So you don’t just need to take our word for it!
2017’s best Small City in the World. Fact.
2) It’s picture perfect
San Miguel is absolutely stuffed full of gorgeous little cobbled streets and plazas and it’s colonial style buildings maintain a consistent, tasteful theme of terracotta hues. There’s a romantic, unspoiled charm about the city, partly thanks to the laws that were passed to safeguard it from modernisation, meaning you won’t find any traffic lights or neon signs, for example.
At an altitude of around 6000ft what you will find are plenty of views out over the mountains. So, whether you’re into finding the best Insta-worthy spots for a killer picture or simply prefer to find a shady plaza to just sit and take in all the scenery, you’re going to be spoilt for choice in San Miguel De Allende.
We enjoyed just wandering around some of the streets to the south of the centre, finding tucked away boutique shops and soaking up the ambiance.
Exploring the streets in San Miguel De Allende
3) It’s foodie heaven
You’re not going to find it hard to find great places to eat or drink in San Miguel. We highly recommend trying brunch at Néctar . This utterly charming little restaurant offers an organic veggie/vegan menu and also has a great tea and coffee selection. Steve particularly loved the Vietnamese iced coffee, the perfect way to cool down after wandering the lanes. The food and service are top notch but what really sets this restaurant apart are the many nectar feeders decorating the courtyard which attract multitudes of hummingbirds. Who wouldn’t want to watch these adorable little birds flitting about over tea?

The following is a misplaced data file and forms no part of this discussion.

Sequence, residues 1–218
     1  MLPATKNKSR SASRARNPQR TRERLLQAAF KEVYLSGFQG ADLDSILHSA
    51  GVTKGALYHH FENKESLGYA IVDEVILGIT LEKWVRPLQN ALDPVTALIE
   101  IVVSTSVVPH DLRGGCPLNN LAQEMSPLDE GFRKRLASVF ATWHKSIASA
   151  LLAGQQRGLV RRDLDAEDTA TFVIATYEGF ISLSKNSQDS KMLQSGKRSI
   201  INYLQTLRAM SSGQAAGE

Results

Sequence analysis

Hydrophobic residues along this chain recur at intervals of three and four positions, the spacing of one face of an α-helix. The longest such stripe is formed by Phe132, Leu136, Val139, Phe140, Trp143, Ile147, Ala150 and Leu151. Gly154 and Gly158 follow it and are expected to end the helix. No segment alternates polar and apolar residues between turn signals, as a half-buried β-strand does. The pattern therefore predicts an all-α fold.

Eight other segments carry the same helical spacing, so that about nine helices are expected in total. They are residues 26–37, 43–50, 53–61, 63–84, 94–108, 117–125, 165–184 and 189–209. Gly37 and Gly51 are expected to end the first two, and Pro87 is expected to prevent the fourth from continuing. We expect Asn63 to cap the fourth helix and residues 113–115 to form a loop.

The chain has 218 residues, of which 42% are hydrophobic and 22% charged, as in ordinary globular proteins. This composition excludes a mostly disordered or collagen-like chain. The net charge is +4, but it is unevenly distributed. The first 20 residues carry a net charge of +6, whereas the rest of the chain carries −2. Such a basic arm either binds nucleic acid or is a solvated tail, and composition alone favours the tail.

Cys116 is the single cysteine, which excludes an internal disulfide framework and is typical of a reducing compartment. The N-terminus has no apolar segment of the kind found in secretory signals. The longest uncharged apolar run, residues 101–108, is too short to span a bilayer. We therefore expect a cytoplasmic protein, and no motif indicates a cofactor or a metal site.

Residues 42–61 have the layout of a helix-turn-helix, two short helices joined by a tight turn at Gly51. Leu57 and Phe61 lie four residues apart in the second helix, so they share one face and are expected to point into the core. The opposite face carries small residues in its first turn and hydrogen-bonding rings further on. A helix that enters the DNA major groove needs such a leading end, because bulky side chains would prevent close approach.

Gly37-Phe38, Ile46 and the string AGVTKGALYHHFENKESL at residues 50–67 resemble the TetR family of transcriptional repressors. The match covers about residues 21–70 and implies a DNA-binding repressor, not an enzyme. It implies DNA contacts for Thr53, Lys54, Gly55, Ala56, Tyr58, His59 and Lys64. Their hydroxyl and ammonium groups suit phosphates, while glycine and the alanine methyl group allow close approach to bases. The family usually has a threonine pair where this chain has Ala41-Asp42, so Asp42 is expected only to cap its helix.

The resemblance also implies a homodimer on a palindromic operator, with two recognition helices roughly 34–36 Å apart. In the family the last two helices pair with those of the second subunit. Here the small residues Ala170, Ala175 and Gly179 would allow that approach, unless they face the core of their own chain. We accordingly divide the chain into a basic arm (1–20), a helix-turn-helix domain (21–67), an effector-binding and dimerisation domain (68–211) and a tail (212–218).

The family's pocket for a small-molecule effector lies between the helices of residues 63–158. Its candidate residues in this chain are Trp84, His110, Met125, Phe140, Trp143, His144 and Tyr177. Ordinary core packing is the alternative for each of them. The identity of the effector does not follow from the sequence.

Have some tea at Néctar, you won’t regret it!
Later on, when you’re in need of refreshment, you can enjoy cocktails and tapas at Luna rooftop bar, located in the Rosewood building. As well as top notch food and drinks, you get the best view in the city. This restaurant isn’t the cheapest option in town but it’s worth the splurge and a memorable way to finish the day.
Views over San Miguel De Allende from Luna Rooftop Bar
4) Marvel at the beautiful churches
We thought we’d seen enough baroque/gothic churches during our journeying around Mexico and San Miguel has it’s fair share, but we couldn’t help but be particularly awed by the pastel pink La Parroquia de San Miguel Arcángel which lies adjacent to the main square ‘El Jardin.’ It even reminded us a bit of a mini Sagrada Familia. The plaza itself is the perfect place to rest out of the sun and admire the church since ornate benches lie under the dense shade provided by huge square pruned Indian Laurel trees. This is the perfect place to sit and people watch.
Beautifully ornate and so pretty in pink La Parroquia de San Miguel Arcángel
5) Shopping at the ‘Mercados’
I’m a sucker for hand crafted jewellery and love perusing the little market stalls that usually fill the plazas in Mexico. San Miguel De Allende has a mix of both these kinds of souvenir item, plus high end boutique clothing and art if that’s more your thing. The markets (or ‘mercados’) themselves form part of everyday life here rather than being a novelty for tourists, since locals will shop at them too. As such, there’s a strong emphasis on local ingredients and artisan crafts. Two of the principle markets you can easily check out are Mercado de Artisanias and Mercado San Juan de Dios. Both have locally made, traditional craft and food items and are open daily. They are just a five minute walk from the main square and provide a great chance to interact with the locals, as well as shop.
We had a fantastic day exploring San Miguel and can honestly say that it probably is worth all the hype. Whilst the sizeable ex pat community means you are more likely to hear English spoken than Spanish in some parts, something we generally try to avoid, don’t let that put you off! If we’ve managed to convince you that you really do need to go visit and you’re wondering how to get there, here are some tips to help plan your visit: